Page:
THE ROLE OF ETHICS IN INTERNATIONAL LAW, Donald Earl Childress, III, ed., Cambridge University Press, 2012
15 Pages Posted: 20 Apr 2011 Last revised: 24 Feb 2012
Date Written: April 19, 2011
Most international lawyers recognize that the international legal system includes a category of higher norms known as jus cogens or peremptory norms. Most international lawyers also agree that jus cogens norms are superior to and may void conflicting laws. Beyond these points, however, there is little agreement. This Chapter presents evidence and arguments toward building consensus in the field of international law respecting additional aspects of jus cogens. In particular, it argues for the following propositions:
Jus cogens norms are moral or ethical norms in nature. Other imperative norms such as those critical to the operation of the international legal system, are general principles of law, not jus cogens.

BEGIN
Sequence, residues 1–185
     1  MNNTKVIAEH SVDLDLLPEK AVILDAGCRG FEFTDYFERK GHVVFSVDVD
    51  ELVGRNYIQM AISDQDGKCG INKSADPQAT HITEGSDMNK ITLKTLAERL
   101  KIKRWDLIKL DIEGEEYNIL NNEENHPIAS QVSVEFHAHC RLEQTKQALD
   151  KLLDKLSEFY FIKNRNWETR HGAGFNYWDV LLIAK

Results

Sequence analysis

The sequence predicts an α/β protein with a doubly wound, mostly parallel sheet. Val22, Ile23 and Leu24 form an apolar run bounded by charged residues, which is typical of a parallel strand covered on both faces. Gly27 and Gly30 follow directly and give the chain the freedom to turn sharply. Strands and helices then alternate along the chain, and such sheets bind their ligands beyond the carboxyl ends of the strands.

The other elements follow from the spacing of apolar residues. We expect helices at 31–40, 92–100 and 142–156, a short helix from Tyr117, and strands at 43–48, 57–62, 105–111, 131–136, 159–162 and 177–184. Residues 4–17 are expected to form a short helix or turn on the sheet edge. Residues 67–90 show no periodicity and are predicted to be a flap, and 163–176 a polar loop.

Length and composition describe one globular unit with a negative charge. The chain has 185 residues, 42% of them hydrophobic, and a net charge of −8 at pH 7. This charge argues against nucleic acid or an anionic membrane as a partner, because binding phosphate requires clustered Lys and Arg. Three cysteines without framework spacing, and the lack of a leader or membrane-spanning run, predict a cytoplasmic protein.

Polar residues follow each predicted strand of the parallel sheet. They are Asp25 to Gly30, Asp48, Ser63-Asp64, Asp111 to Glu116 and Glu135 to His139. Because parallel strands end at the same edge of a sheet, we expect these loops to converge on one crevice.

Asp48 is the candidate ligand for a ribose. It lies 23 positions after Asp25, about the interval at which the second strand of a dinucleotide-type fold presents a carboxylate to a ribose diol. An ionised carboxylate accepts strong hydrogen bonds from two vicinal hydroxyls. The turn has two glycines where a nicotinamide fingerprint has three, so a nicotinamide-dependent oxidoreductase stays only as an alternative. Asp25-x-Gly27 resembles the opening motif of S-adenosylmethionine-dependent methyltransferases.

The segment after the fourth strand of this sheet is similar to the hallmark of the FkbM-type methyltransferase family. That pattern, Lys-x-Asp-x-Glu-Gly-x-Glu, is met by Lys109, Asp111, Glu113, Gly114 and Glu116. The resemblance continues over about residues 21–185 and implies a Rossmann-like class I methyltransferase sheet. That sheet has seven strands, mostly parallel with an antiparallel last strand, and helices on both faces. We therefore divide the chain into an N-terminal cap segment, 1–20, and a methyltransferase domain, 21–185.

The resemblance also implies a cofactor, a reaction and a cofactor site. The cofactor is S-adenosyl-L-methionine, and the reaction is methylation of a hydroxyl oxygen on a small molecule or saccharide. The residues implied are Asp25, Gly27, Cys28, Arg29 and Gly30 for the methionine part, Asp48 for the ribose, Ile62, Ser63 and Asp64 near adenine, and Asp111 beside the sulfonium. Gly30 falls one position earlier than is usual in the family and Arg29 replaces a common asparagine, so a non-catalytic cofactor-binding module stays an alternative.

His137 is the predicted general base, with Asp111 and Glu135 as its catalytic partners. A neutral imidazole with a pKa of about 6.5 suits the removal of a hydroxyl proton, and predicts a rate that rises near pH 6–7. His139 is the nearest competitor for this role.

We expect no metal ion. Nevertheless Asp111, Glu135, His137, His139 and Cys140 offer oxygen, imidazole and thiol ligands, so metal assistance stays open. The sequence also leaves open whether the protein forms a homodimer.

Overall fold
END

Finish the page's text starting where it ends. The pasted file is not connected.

Jus cogens norms invalidate directly conflicting international or national laws. Jus cogens norms do not have the effect of striking down otherwise valid law or of imposing affirmative duties.
Only natural law theory contains explanations of jus cogens norms; positivism is inadequate to explain the existence and operation of jus cogens.
Much natural law theorizing reflects a scholar or judge’s own subjective views. This problematic aspect often seen in theorizing about jus cogens may be addressed through combining natural law theory with an adjunct legal theory known as legal process.
Keywords: jus cogens, peremptory norms, natural law, legal positivism, legal process
JEL Classification: K10, K33, K40,
Suggested Citation: Suggested Citation
O'Connell, Mary Ellen, Jus Cogens: International Law’s Higher Ethical Norms (April 19, 2011). THE ROLE OF ETHICS IN INTERNATIONAL LAW, Donald Earl Childress, III, ed., Cambridge University Press, 2012 ; Notre Dame Legal Studies Paper No. 11-19. Available at SSRN: https://ssrn.com/abstract=1815155
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